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Psych for AP - Ch 2

Research Methods: Thinking Critically With Psychological Science

QuestionAnswer
hindsight bias the tendency to believe, after learning an outcome, that one would have foreseen it. (Also known as the I-knew-it-all-along phenomenon.) (p. 20)
critical thinking thinking that does not blindly accept arguments and conclusions. Rather, it examines assumptions, discerns hidden values, evaluates evidence, and assesses conclusions. (p. 24)
theory an explanation using an integrated set of principles that organizes observations and predicts behaviors or events. (p. 25)
hypothesis a testable prediction, often implied by a theory. (p. 25)
operational definition a statement of the procedures (operations) used to define research variables. For example, human intelligence may be operationally defined as what an intelligence test measures. (p. 26)
replication repeating the essence of a research study, usually with different participants in different situations, to see whether the basic finding extends to other participants and circumstances. (p. 26)
case study an observation technique in which one person is studied in depth in the hope of revealing universal principles. (p. 26)
survey a technique for ascertaining the self-reported attitudes or behaviors of a particular group, usually by questioning a representative, random sample of the group. (p. 27)
population all the cases in a group being studied, from which samples may be drawn. (Note - Except for national studies, this does not refer to a country’s whole population.) (p. 28)
random sample a sample that fairly represents a population because each member has an equal chance of inclusion. (p. 28)
naturalistic observation observing and recording behavior in naturally occurring situations without trying to manipulate and control the situation. (p. 28)
correlation a measure of the extent to which two factors vary together, and thus of how well either factor predicts the other. (p. 29)
correlation coefficient a statistical index of the relationship between two things (from −1 to +1). (p. 29)
scatterplot a graphed cluster of dots, each of which represents the values of two variables. The slope of the points suggests the direction of the relationship bet the 2 vars. The amount of scatter suggests the strength of the correlation. (p. 29)
illusory correlation the perception of a relationship where none exists. (p. 32)
experiment a research method in which an investigator manipulates one or more factors (ind vars) to observe the effect on some behavior or mental process (the dep. var.). By random assignment of parts, the experimenter aims to control other relevant factors. (p. 34)
random assignment assigning participants to experimental and control groups by chance, thus minimizing preexisting differences between those assigned to the different groups. (p. 34)
double-blind procedure an experimental procedure in which both the research participants and the research staff are ignorant (blind) about whether the research participants have received the treatment or a placebo. Commonly used in drug-evaluation studies. (p. 35)
placebo [pluh-SEE-bo; Latin for “I shall please”] effect experimental results caused by expectations alone; any effect on behavior caused by the administration of an inert substance or condition, which the recipient assumes is an active agent. (p. 35)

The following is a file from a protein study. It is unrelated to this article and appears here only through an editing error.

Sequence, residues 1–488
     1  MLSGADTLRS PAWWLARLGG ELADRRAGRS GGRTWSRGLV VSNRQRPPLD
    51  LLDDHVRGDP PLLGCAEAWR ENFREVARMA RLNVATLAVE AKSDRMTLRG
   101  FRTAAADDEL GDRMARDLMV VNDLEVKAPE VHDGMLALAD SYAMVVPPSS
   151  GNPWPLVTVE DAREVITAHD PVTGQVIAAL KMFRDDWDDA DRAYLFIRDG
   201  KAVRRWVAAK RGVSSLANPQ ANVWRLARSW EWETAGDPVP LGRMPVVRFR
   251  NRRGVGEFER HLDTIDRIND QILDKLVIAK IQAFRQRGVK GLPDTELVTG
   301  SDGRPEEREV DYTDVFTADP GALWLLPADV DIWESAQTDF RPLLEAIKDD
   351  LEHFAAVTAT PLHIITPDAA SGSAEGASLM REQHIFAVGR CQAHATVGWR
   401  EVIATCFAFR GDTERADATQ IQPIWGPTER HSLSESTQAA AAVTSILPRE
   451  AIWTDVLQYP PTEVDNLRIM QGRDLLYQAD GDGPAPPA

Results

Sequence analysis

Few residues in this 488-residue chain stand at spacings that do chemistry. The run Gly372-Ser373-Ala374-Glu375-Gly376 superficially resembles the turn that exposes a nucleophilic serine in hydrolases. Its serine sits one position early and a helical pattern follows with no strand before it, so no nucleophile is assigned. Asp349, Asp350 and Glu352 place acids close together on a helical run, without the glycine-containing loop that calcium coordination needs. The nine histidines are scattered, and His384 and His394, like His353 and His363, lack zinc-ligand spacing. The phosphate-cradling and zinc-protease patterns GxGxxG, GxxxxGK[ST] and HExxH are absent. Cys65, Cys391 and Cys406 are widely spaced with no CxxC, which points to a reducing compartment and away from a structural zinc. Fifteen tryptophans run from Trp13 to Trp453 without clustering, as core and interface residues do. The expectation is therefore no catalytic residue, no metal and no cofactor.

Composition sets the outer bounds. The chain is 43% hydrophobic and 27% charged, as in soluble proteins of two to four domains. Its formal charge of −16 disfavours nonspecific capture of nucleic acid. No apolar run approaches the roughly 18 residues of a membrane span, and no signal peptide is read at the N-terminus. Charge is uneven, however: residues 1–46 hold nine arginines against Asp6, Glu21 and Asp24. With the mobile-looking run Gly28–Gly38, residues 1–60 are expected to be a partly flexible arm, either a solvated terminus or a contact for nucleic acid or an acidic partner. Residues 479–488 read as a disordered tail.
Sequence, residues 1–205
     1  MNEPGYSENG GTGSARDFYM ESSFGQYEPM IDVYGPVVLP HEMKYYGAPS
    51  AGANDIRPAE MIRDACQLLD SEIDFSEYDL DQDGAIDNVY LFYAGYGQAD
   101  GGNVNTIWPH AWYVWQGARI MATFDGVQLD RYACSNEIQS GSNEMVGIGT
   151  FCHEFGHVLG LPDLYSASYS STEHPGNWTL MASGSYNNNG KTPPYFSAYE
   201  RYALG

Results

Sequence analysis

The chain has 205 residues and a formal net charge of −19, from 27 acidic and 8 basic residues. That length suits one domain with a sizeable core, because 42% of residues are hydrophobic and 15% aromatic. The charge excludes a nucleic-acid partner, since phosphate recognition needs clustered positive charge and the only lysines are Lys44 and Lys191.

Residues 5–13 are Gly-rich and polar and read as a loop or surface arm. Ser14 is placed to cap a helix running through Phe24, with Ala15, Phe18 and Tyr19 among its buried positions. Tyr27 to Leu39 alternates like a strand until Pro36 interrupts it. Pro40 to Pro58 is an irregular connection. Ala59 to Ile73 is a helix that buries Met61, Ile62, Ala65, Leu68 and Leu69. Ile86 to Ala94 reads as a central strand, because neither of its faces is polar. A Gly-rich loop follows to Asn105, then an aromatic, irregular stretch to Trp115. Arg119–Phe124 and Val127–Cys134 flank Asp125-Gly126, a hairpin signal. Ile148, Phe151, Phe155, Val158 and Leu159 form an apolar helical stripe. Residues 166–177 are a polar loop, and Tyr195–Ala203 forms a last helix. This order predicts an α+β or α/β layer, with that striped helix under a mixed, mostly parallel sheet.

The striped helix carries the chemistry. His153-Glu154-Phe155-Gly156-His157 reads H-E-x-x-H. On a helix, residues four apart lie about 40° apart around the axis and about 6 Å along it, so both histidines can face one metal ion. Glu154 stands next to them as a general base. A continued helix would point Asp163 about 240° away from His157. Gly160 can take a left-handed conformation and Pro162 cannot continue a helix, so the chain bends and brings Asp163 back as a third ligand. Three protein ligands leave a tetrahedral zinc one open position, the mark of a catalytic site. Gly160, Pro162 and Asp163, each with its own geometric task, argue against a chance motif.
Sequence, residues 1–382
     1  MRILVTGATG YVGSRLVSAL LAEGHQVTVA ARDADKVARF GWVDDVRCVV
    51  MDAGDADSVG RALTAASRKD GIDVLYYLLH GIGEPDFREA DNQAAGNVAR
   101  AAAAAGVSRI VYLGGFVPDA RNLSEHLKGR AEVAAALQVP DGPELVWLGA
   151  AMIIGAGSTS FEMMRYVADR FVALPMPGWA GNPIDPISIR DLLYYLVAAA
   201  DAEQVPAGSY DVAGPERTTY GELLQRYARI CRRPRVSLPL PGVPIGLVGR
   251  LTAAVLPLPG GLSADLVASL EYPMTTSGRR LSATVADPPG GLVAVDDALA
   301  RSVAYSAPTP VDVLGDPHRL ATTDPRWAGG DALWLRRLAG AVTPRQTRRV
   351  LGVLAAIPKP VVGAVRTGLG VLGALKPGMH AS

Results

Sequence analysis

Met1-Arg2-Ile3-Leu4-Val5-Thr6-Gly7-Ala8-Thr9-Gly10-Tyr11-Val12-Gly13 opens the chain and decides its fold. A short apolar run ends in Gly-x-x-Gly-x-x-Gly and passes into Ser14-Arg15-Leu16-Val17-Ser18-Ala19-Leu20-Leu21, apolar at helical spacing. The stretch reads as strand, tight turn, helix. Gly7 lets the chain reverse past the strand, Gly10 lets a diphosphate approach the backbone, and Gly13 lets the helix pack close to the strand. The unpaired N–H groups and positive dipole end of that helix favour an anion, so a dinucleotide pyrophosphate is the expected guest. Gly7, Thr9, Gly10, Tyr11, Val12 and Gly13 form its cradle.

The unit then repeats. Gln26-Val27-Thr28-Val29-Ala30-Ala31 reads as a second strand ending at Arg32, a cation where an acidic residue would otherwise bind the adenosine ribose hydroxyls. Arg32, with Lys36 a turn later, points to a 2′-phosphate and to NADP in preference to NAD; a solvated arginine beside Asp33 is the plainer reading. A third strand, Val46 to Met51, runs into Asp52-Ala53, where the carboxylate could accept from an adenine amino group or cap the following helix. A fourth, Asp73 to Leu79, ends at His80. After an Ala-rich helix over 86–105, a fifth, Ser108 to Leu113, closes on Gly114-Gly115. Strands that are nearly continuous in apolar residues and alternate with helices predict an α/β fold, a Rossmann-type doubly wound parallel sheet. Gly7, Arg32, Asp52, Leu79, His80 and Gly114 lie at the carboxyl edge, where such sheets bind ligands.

experimental group in an experiment, the group that is exposed to the treatment, that is, to one version of the independent variable. (p. 35)
control group in an experiment, the group that is not exposed to the treatment; contrasts with the experimental group and serves as a comparison for evaluating the effect of the treatment. (p. 35)
independent variable the experimental factor that is manipulated; the variable whose effect is being studied. (p. 35)
confounding variable a factor other than the independent variable that might produce an effect in an experiment. (p. 35)
dependent variable the outcome factor; the variable that may change in response to manipulations of the independent variable. (p. 35)
mode the most frequently occurring score(s) in a distribution. (p. 37)
mean the arithmetic average of a distribution, obtained by adding the scores and then dividing by the number of scores. (p. 38)
median the middle score in a distribution; half the scores are above it and half are below it. (p. 38)
range the difference between the highest and lowest scores in a distribution. (p. 39)
standard deviation a computed measure of how much scores vary around the mean score. (p. 39)
normal curve (normal distribution) a symmetrical, bell-shaped curve that describes the distribution of many types of data; most scores fall near the mean (68 percent fall within one standard deviation of it) and fewer and fewer near the extremes. (pp. 40, 536)
statistical significance a statistical statement of how likely it is that an obtained result occurred by chance. (p. 41)
culture the enduring behaviors, ideas, attitudes, values and traditions shared by a group of people and transmitted from one generation to the next. (pp. 43, 661)
informed consent an ethical principle that research participants be told enough to enable them to choose whether they wish to participate. (p. 45)
debriefing the postexperimental explanation of a study, including its purpose and any deceptions, to its participants. (p. 45)
Created by: John Spear John Spear on 2012-07-05



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